The answer should be fairly obvious to such an august institution as Poynter: just as the press covers murders rather than traffic fatalities, which far outnumber killings in America each year, it covers terrorism intensively because motive matters.

“If it bleeds it leads,” may be a rule-of-thumb in journalism, but how and why the person died still determines the importance of the story.

Terrorism is not just run-of-the-mill murder; It attempts to strike at the heart of who and what we are as a nation. And to compare the numbers who died in the deadliest terror strike in our nation’s history with the annual homicides, which occur in all countries and cultures, is to miss the point of what happened in and to America on that fateful day.

Just what kind of journalism is Poynter promoting?

Terrorism was legitimately “the” story of the past decade. And we need only look at today’s newspapers – though no longer on the front pages of most of them – to appreciate the potential threat it still poses, despite America’s impressive gains against this intractable scourge.

As Poynter was recruiting journalism students for its mediocre course on Islam, real journalists were reporting that a “26-year-old man” from “a town west of Boston,” as The New York Times described him in its first graf, was being charged with plotting not only to blow up the Pentagon and the U.S. Capitol using remote-controlled aircraft filled with plastic explosives, but also to supply Al Qaeda with detonation devices and weapons to kill American soldiers overseas. The suspect, Rezwan Ferdaus, the Times continues, is “an American citizen” with “a physics degree from Northeastern University in Boston.”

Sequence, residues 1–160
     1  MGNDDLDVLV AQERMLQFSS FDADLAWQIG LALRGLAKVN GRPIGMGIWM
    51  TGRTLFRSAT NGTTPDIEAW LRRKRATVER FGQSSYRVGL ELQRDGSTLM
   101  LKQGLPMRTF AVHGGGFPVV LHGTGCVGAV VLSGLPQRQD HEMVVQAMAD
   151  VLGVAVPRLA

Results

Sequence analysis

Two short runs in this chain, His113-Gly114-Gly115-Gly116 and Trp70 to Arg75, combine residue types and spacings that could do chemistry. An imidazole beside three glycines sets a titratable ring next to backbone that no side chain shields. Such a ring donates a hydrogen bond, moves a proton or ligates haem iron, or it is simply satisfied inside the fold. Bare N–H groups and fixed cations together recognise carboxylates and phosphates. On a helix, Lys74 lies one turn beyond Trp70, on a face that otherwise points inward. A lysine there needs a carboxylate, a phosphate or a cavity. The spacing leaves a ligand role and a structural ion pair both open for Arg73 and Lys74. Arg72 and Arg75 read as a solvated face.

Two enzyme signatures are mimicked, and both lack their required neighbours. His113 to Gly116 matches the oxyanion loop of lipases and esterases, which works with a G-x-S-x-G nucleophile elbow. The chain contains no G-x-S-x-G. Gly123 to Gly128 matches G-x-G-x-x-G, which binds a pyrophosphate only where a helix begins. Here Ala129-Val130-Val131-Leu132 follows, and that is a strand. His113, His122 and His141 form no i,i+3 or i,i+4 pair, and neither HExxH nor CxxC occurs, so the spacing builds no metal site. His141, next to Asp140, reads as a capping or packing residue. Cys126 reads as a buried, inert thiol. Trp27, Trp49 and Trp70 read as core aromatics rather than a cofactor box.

Are those facts about him more important than something that is never reported in the story – the fact that he is a Muslim? The story dances all around religion, of course. It quotes the FBI affidavit as saying that Ferdaus considered Americans “enemies of Allah,” for instance. But nowhere does it say that he is part of a tiny, but growing, worrisome trend among Muslim Americans – those who are being radicalized here at home by real-life and on-line radical Islamist clerics and by myriad other factors that are still poorly understood.